The Adria brothers’ Tickets tapas bar in Barcelona (Photo: supplied)
Albert Adria doesn’t come across as a celebrity chef. The younger brother of Ferran Adria – the world-famous chef behind the former elBulli hotbed of molecular gastronomy in Catalonia, Spain – he is the public face of the brothers’ gastronomic empire in Barcelona and a celebrated pastry-making genius in his own right.
Dressed in shorts, T-shirt and unlaced black Converse All Stars and carrying a paunch, he has the down-to-earth demeanour of a typical bloke next door. With a mop of short, tight curls, and blue-grey eyes that work in tandem with a wide smile, he’s gentle of nature and generous of time, despite being the guardian of elBulli’s proliferating progeny; meaning he’s always in demand. Read the full article here.
Krinklewood biodynamic winery in the Broke Fordwich region of the Hunter Valley (Photo: Supplied)
Animals have a nice life in the Broke Fordwich wine region, a subregion of the lower Hunter Valley in NSW that has been planted with vines since the early 1820s. Hens cluck and peck among the vines at the biodynamic winery Krinklewood, cows are set free in Mount Broke Estate’s vineyard after the harvest to fertilise the soil, and sheep get the same treatment at the organic outfit Ascella Wines, where they keep weeds at bay and clean up stray grapes. One year an unsuccessful season meant grapes were left on the vine and Ascella’s sheep ended up quite sizzled. Such is life in Broke Fordwich, which is 15 minutes from Pokolbin at the heart of the Hunter. It is considered the tranquil side of the valley. Read the full article here.
Surjit Singh, of Surjit’s Food Plaza, in Amritsa, India (Photo: Aparna Jayakumar)
Surjit Singh likes bold colours. From his deep-red turban to the purple wall in the kitchen of his restaurant in Amritsa, capital of the Indian state of Punjab, colours are an extension of his exuberant character.
When a photographer from our group went into the tiny kitchen – on display behind glass at the back of the restaurant – Singh was there in a flash.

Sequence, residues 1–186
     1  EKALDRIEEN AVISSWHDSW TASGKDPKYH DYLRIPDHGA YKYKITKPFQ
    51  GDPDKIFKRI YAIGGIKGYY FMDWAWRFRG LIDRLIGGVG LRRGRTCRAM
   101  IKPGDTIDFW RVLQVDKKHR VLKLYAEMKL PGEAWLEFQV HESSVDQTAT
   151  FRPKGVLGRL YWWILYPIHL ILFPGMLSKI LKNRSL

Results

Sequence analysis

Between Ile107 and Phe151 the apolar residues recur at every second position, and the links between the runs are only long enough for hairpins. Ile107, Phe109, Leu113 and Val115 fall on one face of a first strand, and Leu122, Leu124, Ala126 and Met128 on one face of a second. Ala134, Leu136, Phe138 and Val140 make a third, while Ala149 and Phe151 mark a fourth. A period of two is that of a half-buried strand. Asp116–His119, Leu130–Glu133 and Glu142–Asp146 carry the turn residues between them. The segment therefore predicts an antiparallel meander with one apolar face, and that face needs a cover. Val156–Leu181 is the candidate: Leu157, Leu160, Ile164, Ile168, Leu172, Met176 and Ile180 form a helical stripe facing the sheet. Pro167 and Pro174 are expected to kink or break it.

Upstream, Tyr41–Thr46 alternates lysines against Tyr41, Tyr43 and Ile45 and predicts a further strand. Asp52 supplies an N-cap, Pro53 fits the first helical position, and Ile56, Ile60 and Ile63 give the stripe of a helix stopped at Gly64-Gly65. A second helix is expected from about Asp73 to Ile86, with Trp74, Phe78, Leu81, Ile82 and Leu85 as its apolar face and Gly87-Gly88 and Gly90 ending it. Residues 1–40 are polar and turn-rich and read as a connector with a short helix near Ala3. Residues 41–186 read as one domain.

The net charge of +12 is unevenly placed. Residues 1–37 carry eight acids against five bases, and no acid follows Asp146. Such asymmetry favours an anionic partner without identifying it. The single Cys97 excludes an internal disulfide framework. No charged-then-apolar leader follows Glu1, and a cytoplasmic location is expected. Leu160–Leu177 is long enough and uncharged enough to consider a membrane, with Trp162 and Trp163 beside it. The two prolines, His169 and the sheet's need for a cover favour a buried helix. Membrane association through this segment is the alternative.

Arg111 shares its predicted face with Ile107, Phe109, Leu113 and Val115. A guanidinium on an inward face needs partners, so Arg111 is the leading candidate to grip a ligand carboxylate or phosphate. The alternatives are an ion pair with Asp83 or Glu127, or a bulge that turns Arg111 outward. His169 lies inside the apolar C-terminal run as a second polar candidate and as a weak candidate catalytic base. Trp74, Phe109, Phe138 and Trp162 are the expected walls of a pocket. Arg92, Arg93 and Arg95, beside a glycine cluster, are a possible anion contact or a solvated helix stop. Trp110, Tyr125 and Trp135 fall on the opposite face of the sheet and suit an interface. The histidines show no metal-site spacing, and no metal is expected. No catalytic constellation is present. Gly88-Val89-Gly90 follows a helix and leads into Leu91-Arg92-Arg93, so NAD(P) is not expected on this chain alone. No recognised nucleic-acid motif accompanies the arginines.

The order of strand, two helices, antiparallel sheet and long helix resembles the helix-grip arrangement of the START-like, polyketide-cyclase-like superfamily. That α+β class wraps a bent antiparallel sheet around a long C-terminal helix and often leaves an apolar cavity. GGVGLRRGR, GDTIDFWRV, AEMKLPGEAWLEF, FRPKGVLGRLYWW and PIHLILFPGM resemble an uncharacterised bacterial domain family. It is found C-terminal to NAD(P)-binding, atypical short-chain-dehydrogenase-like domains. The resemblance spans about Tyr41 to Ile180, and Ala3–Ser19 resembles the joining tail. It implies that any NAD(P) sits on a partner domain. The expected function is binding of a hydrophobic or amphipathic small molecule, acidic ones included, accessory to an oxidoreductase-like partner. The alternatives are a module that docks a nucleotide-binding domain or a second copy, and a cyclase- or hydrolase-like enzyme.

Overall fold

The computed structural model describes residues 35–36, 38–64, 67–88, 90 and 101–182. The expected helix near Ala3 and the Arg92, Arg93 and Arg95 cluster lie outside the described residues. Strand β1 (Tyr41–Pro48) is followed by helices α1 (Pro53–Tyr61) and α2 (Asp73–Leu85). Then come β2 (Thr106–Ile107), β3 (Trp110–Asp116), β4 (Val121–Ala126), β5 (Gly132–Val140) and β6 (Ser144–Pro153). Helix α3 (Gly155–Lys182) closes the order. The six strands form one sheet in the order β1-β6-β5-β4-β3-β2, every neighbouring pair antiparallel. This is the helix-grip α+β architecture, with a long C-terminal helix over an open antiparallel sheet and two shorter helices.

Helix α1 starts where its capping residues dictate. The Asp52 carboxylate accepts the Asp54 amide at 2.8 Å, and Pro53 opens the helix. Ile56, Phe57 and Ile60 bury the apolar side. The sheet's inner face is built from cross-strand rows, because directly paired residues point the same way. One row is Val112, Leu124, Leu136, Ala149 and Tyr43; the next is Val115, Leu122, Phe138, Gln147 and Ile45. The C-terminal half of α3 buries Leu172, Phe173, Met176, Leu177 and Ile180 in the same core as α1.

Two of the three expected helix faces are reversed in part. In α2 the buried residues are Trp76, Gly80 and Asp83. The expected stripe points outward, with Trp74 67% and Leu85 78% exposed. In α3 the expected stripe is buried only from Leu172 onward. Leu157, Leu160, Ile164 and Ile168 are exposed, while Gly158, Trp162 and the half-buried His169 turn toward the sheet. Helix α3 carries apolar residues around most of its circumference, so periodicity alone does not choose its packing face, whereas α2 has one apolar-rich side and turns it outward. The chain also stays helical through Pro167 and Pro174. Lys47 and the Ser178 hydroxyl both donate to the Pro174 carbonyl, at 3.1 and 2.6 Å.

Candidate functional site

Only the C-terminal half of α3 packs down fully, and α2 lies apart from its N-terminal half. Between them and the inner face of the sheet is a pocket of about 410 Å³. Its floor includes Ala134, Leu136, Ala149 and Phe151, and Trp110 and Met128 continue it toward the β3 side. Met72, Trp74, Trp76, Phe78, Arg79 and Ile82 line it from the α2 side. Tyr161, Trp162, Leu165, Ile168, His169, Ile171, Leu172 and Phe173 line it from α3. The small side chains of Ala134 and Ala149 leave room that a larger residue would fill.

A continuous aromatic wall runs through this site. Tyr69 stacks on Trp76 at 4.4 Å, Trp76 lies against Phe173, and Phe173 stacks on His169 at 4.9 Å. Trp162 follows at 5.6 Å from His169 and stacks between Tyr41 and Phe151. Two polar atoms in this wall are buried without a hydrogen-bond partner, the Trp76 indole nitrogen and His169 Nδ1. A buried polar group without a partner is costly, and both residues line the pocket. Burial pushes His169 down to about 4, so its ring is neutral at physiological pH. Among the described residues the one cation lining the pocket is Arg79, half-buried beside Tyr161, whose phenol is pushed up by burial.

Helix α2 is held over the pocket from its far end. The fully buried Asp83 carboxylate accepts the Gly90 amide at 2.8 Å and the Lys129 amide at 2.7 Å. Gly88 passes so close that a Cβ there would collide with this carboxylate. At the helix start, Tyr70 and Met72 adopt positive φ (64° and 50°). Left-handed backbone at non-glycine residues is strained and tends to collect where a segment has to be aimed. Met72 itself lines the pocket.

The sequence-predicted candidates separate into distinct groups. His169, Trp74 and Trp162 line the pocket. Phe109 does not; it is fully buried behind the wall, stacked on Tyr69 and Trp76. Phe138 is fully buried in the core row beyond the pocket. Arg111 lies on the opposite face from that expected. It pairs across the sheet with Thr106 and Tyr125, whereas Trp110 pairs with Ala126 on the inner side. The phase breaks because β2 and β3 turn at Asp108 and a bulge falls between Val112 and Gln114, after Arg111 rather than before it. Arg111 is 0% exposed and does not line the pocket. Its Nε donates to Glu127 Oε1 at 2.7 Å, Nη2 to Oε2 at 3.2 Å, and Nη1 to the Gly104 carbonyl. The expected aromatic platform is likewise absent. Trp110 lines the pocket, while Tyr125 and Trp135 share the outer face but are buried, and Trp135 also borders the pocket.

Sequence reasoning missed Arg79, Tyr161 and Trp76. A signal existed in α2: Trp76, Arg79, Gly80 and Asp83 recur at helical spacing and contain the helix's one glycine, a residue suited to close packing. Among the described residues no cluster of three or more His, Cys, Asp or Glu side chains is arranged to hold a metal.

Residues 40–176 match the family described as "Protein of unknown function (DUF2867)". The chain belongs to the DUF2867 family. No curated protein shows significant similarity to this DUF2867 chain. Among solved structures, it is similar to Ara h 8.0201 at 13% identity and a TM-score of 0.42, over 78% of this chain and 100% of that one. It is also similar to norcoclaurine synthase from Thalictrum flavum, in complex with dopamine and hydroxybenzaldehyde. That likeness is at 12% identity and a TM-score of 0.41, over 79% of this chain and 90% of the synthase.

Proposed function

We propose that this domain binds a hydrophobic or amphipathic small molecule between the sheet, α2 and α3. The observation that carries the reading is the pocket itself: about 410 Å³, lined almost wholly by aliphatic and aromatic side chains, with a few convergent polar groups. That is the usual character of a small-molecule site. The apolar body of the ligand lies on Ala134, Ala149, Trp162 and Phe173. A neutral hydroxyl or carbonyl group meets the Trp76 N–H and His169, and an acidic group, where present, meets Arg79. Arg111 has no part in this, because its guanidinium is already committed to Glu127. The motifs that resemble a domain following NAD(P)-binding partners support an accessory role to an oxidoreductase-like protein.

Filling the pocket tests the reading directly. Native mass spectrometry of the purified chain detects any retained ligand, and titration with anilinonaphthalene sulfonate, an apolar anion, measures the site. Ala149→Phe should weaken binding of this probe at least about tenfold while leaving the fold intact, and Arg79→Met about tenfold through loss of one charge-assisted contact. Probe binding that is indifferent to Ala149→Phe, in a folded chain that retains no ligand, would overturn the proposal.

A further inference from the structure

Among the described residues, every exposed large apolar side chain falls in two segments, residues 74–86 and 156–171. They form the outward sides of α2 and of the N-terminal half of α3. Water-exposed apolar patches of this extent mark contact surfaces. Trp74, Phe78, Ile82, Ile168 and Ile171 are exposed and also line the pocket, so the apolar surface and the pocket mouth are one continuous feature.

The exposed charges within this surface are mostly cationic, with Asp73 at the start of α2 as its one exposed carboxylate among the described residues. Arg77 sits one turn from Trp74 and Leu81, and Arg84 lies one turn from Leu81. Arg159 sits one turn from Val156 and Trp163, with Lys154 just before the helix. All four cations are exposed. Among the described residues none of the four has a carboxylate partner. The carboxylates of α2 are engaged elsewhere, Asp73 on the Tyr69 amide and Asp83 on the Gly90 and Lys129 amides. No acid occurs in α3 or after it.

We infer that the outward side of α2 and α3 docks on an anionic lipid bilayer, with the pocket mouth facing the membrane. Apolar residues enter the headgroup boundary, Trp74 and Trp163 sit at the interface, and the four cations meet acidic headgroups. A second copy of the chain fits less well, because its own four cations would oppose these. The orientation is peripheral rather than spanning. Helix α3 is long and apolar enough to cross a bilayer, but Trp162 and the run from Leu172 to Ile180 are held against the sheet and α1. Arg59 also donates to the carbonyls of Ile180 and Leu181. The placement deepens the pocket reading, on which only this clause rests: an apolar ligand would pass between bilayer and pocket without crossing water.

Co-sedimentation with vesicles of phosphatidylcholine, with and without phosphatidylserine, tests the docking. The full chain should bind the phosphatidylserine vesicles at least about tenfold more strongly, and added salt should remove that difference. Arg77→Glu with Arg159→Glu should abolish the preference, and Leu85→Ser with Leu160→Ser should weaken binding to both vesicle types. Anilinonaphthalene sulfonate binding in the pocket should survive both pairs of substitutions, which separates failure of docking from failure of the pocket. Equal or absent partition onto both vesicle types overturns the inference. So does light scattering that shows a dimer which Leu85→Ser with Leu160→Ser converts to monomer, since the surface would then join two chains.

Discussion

His impromptu photo shoot performance included plunging metre-long skewers of chicken into the tandoor oven, pulling out others loaded with charred meat, shoving his subordinates out of the camera shots, smiling and working the shoot like a supermodel.
But his unstained shirt told the real story: Singh doesn’t spend much time in the kitchen. Not any more. Read the full article here.
Pau Arboix with his Casa Sendra salchichón (Photograph supplied)
The door handle is a large, gold letter S. There is no signage, no indication of what lies beyond the curtained windows on this shopping strip in the town of Vic, in Catalonia, Spain. Entry must be requested after ringing a doorbell. Inside, a small showroom oozes luxury. A huge chandelier hangs above a round wooden table that is polished to a brilliant sheen and surrounded by elegant, upholstered chairs. A huge, silver-edged mirror takes up an entire wall. There’s a large stone sculpture of a curvaceous, naked woman, her back turned, a pig at her feet, by the Catalan sculptor, Josep Maria Subirachs, whose best-known work is the Passion Facade of the basilica of the Sagrada Familia in Barcelona. Dangling enticingly along a wall is what we have come to see: row after row of sausages.
These are not just any sausages. An arm’s length and as thick as the barrel of a baseball bat, they’re salchichón – a type of dried, cured pork salami traditional in this town. These particular specimens, wrapped in glossy white paper, bear the insignia of Casa Sendra – the region’s oldest salchichón producer. Read the full story here.
Don’t be fooled into thinking Victoria’s Mornington Peninsula is some kind of sleepy backwater. It may be a little off the beaten track, but it has a smokin’ food and wine scene that’s as much a drawcard as its ruggedly beautiful coastline and curvaceous countryside. Here are ten ways to eat and drink your way around the region. Continue reading